Bradford & Bingley has been downgraded by Moody’s Investors Services in the face of weak capital and a dependence on funding from the Bank of England.
The ratings agency says the outlook across all ratings is negative, delivering a blow to investor confidence in B&B assets.
Moody’s says its assessment of expected losses indicate the buy-to-let lender is weakly capitalised, and reveals an “increasingly vulnerable dependence on ongoing access to BoE funding.”
Another area of concern for Moody’s is that 85% of B&B’s loan book is focussed in buy-to-let and self-cert. The ratings agency says the quality of the loans within these sectors has deteriorated much more quickly than similar asset classes held with rival lenders.
Total arrears for the lender, including the bank’s own originated loans, went from 2.10% to 3.1% during the first six months of 2008. This performance is the highest of any rated peer in the UK.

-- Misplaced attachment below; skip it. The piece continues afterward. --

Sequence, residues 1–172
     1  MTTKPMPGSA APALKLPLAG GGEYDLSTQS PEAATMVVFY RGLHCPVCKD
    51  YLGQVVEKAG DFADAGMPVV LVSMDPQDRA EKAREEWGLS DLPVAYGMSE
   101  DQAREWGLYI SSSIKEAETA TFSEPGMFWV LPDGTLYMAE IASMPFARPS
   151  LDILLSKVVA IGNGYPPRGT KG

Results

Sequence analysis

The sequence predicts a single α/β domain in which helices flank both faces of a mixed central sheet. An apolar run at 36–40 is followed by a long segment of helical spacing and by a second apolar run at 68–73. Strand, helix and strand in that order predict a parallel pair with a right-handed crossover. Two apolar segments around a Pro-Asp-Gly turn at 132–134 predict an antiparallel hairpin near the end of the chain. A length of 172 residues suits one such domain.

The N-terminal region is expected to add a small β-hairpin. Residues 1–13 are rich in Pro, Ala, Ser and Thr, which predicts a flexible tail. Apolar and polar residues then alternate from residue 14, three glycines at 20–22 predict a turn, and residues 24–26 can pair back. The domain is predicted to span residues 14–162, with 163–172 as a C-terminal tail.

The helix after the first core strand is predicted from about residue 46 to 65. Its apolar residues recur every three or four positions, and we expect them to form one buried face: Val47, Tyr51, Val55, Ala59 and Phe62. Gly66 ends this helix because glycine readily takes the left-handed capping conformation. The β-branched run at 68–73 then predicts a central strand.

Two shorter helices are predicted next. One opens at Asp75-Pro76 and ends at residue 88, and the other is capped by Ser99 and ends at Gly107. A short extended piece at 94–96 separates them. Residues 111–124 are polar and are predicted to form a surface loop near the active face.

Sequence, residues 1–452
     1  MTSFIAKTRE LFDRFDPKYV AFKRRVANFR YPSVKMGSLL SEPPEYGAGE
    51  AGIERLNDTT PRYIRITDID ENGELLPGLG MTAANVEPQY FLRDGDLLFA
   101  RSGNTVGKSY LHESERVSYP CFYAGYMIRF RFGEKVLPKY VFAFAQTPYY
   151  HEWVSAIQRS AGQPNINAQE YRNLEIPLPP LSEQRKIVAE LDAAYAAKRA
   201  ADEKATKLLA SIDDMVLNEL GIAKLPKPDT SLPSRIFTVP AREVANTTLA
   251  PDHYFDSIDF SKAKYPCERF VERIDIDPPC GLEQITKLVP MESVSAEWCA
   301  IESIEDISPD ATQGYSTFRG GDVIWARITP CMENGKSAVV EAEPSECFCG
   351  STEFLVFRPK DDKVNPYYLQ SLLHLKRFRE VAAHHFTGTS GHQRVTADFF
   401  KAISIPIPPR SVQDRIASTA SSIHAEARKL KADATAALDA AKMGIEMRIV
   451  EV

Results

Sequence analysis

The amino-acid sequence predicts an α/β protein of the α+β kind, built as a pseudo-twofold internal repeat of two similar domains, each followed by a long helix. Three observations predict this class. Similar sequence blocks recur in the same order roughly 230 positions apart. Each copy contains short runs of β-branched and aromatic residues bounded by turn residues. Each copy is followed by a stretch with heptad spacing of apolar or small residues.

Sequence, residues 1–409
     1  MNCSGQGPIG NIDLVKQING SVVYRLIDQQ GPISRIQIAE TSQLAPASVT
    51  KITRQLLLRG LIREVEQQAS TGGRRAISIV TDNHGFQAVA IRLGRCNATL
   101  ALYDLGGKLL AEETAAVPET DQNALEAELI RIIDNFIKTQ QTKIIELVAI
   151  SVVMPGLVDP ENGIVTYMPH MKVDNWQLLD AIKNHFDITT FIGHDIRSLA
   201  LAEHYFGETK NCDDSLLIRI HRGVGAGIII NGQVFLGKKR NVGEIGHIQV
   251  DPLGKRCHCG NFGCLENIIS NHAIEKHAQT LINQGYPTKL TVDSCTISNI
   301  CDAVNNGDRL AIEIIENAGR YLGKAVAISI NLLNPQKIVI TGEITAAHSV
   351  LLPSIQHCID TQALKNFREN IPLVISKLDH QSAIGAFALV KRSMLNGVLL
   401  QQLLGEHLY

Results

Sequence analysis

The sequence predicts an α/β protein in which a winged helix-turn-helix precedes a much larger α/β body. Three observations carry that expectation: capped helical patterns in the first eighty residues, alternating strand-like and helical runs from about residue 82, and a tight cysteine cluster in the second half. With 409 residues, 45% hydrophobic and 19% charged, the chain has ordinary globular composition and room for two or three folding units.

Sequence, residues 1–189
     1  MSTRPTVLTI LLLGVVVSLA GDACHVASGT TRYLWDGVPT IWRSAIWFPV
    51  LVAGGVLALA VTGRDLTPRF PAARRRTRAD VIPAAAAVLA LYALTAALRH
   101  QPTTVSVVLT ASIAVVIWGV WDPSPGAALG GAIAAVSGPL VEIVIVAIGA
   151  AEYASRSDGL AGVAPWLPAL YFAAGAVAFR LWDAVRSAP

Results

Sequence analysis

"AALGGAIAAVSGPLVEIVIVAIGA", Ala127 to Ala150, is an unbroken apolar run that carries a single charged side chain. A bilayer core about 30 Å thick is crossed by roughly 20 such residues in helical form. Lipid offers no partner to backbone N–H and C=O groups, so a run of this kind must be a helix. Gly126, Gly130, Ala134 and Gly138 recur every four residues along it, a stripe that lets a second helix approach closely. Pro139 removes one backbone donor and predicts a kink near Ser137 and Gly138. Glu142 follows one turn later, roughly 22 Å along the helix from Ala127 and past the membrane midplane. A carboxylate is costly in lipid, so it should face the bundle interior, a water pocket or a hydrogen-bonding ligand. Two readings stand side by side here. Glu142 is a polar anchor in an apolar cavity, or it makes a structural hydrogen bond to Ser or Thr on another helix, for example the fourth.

The move to downgrade B&B follows the earlier downgrading of assets by Standard and Poor’s in July.
Marjan Riggi, vice-president and senior credit officer at Moody’s, says: “A key driver for this rating action has been our heightened concern on asset quality since the ratings review was initiated in early July.”
A statement released by Moody’s reads: “Moody’s believes that in the current environment any further capital raising by B&B to offset such losses may be very challenging, when taking into account the difficulties it faced when raising the £400m in July.”
B&B shares are currently trading at 29.75 pence per share, following yesterday’s high of 37.75 pence and having closed at 32 pence per share.